Personal Finance

Permanent Portfolio's Mix Excels in Tough Times


Michael J. Cuggino’s Permanent Portfolio mutual fund has stuck with the same asset mix for almost 30 years—a combination of gold, silver, the Swiss franc, stocks, and bonds meant to guard against inflation and recession. It hasn’t always been a recipe for success. For years the fund languished while investors chased surging stock and bond markets. At the end of 2001, after stocks had rallied seventeenfold over two decades, Permanent Portfolio had assets of $52 million. Ten years later, the fund is beating all rivals, and assets have surged to $15.6 billion. “This fund has been in the right place at the right time,” says Janet Yang, a Morningstar (MORN) analyst. “The whole story here has been asset allocation.”

The Permanent Portfolio gained an annualized 10.5 percent in the five years ended Sept. 13, the best return among 2,153 balanced funds tracked by Morningstar, most of which divvy their assets among stocks, bonds, and cash. It was started in 1982 by Terry Coxon, who co-wrote Inflation-Proofing Your Investments: A Permanent Program That Will Protect You Against Inflation and Depression with Harry Browne the year before, as a way to put the advice book’s theories into practice. The goal was to use assets that rise and fall independently to allow investors to keep pace with inflation in any economic climate. “We wanted a way to deal with uncertainty,” says Coxon, who left the fund in 2003.

Cuggino, 48, joined the San Francisco-based fund in 1991 and became manager in 2003. He aims to keep 20 percent of its assets in gold, 10 percent in a blend of Swiss francs and Swiss government debt, and 5 percent in silver, with the rest in stocks and bonds (see chart, right). He rebalances the fund periodically to keep those allocations in line.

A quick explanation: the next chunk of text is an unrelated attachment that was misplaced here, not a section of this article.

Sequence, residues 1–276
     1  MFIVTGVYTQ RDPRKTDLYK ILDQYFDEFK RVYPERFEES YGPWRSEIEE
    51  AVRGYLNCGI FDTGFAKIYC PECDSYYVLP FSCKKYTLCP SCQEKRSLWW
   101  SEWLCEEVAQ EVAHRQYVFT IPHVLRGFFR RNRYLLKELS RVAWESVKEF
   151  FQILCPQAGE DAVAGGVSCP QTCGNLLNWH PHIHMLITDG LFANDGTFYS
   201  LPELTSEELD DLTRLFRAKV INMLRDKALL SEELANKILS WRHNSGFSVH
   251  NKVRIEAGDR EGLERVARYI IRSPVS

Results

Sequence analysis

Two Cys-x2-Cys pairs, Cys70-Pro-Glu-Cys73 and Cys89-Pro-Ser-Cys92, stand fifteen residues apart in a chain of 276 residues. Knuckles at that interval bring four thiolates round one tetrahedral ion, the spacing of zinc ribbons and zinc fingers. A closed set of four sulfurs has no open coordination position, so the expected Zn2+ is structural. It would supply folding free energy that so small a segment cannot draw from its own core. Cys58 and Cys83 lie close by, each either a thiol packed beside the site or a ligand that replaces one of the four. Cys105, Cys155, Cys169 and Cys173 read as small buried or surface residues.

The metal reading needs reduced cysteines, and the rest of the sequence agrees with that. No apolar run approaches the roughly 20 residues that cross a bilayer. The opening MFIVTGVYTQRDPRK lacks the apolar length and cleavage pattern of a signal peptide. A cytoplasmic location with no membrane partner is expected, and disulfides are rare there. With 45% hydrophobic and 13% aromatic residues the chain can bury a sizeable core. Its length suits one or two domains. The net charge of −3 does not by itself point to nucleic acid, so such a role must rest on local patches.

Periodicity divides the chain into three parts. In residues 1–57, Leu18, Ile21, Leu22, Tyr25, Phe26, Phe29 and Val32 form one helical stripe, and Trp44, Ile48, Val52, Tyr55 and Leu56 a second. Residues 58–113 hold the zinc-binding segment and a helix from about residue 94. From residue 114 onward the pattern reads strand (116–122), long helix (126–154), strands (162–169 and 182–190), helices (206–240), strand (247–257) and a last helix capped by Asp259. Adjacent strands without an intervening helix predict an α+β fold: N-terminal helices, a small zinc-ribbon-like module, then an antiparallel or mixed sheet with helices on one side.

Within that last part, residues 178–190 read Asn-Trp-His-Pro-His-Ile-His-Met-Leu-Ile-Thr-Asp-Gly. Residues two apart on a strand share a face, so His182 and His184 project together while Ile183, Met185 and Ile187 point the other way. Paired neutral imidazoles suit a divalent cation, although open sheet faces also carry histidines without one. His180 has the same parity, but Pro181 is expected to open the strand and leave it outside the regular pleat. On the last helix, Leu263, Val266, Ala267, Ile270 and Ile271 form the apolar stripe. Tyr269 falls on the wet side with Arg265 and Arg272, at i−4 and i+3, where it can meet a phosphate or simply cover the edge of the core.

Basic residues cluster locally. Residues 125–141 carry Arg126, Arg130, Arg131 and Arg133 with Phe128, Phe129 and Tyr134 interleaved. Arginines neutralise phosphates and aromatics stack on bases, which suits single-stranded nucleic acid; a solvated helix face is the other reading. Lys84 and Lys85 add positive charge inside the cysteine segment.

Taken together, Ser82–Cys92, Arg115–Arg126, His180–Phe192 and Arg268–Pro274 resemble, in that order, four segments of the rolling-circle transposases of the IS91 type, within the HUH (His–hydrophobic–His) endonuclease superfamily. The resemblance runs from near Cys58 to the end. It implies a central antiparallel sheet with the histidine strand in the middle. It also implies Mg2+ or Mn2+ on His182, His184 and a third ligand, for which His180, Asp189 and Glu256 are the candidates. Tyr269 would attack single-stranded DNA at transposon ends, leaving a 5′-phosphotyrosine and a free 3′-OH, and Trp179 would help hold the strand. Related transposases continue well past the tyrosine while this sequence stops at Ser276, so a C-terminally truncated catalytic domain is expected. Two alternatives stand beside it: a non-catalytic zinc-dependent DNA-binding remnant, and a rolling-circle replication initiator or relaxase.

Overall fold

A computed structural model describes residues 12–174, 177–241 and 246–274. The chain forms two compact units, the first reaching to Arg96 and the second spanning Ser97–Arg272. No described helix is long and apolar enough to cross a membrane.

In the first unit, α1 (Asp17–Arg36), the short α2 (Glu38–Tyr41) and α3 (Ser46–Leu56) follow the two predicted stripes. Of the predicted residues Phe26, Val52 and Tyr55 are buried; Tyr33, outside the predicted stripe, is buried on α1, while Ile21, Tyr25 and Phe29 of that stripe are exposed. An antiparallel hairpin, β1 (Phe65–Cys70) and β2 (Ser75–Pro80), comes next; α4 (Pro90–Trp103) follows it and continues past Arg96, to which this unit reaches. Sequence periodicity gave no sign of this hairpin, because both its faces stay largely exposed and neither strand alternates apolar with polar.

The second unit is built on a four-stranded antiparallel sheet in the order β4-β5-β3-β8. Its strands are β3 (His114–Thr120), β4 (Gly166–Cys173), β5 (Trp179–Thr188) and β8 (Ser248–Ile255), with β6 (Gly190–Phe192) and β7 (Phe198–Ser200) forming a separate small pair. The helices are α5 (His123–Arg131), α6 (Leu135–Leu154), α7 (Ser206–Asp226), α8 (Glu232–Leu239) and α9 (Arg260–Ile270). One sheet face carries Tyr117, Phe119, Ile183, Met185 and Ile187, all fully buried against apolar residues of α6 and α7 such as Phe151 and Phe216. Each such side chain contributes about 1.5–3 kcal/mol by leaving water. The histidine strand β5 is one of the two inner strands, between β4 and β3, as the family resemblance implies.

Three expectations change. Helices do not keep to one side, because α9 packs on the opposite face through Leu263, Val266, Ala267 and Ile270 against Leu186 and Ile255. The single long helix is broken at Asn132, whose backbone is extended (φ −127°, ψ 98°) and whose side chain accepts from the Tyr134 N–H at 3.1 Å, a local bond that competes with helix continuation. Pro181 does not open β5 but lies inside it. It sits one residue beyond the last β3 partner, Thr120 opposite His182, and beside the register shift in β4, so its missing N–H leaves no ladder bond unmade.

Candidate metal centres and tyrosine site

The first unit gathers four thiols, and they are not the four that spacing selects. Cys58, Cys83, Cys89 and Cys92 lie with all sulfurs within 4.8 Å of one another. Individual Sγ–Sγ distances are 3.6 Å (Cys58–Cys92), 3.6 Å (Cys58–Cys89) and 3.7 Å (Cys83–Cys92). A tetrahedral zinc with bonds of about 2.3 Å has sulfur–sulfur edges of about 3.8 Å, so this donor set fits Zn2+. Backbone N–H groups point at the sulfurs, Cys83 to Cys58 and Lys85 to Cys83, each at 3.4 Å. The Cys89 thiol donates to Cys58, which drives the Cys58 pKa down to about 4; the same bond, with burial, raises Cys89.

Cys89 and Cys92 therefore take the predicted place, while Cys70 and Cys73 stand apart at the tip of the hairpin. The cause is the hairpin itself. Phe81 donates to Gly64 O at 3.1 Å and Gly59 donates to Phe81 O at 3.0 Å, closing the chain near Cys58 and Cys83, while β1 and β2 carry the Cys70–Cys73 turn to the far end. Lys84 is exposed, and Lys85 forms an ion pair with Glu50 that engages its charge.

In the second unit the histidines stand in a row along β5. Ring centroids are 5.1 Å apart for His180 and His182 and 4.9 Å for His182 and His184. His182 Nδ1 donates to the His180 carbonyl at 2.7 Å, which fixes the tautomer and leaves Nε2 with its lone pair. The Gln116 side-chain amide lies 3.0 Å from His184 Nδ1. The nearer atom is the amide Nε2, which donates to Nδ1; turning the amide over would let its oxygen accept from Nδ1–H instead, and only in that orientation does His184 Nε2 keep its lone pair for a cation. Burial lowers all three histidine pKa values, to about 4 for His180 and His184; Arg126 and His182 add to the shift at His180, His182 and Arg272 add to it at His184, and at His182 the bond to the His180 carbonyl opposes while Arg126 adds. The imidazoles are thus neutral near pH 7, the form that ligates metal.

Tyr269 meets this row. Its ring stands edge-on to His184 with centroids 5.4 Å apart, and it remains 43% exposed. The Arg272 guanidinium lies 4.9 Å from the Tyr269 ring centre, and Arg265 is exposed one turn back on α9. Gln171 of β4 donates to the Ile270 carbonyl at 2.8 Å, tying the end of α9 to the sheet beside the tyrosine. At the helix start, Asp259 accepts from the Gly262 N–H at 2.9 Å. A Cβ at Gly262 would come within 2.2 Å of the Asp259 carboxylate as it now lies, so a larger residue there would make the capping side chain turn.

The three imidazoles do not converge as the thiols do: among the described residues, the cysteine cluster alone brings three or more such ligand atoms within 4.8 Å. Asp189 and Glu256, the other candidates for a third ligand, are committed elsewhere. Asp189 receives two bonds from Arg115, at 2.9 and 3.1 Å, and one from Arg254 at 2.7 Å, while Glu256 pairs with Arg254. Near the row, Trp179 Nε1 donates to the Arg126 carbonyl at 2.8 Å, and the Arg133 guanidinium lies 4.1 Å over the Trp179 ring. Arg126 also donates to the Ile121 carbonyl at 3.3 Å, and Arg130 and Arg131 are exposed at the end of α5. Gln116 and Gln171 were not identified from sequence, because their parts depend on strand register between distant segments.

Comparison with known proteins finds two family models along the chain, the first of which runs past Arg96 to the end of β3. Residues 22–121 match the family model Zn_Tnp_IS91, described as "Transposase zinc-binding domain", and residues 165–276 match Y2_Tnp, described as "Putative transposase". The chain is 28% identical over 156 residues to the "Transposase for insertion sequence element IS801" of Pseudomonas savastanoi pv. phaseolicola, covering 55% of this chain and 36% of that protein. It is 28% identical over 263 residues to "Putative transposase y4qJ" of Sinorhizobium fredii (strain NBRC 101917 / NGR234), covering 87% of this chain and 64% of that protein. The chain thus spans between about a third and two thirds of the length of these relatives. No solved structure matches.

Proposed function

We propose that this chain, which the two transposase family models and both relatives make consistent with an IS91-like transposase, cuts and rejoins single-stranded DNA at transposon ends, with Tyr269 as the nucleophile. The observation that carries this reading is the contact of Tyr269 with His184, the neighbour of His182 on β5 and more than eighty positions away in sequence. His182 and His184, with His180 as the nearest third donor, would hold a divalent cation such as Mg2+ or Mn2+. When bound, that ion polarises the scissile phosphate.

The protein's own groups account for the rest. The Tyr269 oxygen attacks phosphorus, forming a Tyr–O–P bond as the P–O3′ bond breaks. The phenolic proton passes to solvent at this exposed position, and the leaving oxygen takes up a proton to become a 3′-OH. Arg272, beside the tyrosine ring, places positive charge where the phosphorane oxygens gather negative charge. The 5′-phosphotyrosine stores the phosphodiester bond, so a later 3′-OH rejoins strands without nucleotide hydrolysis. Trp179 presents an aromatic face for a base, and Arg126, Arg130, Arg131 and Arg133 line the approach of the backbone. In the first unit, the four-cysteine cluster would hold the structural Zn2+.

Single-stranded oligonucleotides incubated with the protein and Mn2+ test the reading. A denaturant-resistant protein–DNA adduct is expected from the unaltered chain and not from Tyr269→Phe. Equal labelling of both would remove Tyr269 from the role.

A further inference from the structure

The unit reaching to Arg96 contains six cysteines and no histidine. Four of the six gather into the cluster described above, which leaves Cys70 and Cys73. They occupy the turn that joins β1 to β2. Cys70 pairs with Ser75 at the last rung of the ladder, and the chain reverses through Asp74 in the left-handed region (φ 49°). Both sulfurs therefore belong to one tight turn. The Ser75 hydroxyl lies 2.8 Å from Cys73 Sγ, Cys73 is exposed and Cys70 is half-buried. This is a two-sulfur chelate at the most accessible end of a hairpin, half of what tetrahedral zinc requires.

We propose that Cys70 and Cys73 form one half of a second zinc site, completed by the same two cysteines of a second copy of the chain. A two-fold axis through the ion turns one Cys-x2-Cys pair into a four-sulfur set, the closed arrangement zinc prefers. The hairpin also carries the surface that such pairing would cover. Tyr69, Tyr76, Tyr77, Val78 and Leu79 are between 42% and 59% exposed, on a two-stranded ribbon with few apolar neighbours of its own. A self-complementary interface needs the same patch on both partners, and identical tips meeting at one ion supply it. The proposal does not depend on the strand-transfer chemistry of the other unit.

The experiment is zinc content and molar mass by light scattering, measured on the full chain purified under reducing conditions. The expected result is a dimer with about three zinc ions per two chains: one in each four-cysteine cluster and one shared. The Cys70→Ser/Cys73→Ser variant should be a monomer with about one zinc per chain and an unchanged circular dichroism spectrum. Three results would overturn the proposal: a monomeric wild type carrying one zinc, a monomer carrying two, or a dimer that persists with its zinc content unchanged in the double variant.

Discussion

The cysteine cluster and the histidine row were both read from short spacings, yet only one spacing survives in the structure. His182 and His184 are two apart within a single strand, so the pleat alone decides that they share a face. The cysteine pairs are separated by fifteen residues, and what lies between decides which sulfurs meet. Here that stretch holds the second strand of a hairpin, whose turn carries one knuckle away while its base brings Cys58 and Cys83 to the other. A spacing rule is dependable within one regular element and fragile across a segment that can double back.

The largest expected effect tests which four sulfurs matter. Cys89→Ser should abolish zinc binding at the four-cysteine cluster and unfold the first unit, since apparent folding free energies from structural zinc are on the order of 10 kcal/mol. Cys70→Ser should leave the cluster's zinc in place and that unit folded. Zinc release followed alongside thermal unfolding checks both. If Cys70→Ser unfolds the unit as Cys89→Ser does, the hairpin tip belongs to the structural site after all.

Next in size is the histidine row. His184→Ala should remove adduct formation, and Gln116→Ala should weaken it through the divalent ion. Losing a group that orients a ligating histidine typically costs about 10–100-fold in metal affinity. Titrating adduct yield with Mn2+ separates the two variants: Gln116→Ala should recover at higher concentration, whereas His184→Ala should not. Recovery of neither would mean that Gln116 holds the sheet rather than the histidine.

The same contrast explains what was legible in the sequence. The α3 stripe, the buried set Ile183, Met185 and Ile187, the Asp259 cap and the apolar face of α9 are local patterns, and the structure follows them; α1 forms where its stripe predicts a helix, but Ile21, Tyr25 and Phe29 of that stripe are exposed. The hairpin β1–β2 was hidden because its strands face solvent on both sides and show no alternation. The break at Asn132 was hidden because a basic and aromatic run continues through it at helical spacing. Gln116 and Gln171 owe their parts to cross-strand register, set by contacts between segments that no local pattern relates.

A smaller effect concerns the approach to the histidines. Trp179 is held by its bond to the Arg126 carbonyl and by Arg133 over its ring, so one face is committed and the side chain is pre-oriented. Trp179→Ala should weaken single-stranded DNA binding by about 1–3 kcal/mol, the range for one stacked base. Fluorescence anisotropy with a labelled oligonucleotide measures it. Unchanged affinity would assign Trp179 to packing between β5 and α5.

The fund couldn’t keep pace with the bull markets for stocks in the 1980s and 1990s. It gained an average of 4.4 percent annually in the 10 years ended Dec. 31, 1999, compared with 18 percent for the Standard & Poor’s 500-stock index, according to data compiled by Bloomberg. The trend reversed with the 2000-02 bear market. Permanent Portfolio averaged annual returns of 12 percent in the decade ended Aug. 31, 2011, compared with 2.7 percent for the S&P 500. Gold appreciated at a 21 percent annual clip and silver gained 26 percent a year over that period. Treasuries returned 5.5 percent a year, based on Bank of America Merrill Lynch (BAC)’s Treasury Master Index. The Swiss franc more than doubled in value against the U.S. dollar.

Those gains put Permanent Portfolio in a precarious position: With so many of its assets at highs, the fund may find it hard to keep up the pace of recent gains and is vulnerable to a sharp fall. “I wouldn’t expect to make money with those assets unless something bad happens,” says Jack Ablin, chief investment officer at Chicago-based Harris Private Bank, where he helps manage $55 billion. Cuggino has no plans to change the formula. “We don’t think human beings are good at predicting the future,” he says. Throughout his tenure he has ignored suggestions from shareholders in the fund and fellow investment advisers to alter the allocation of assets. Cuggino says he was advised earlier this year to cut his holdings of U.S. Treasuries because interest rates supposedly couldn’t go lower. The yield on the 10-year Treasury note has fallen from about 3.7 percent in February, sending prices 15 percent higher. Says Cuggino: “The historical results tell us that this fund will hold its own no matter what lies ahead.”

The bottom line: Gold and the Swiss franc have helped the Permanent Portfolio average 12 percent gains for 10 years.

Stein is a reporter for Bloomberg News in Boston.

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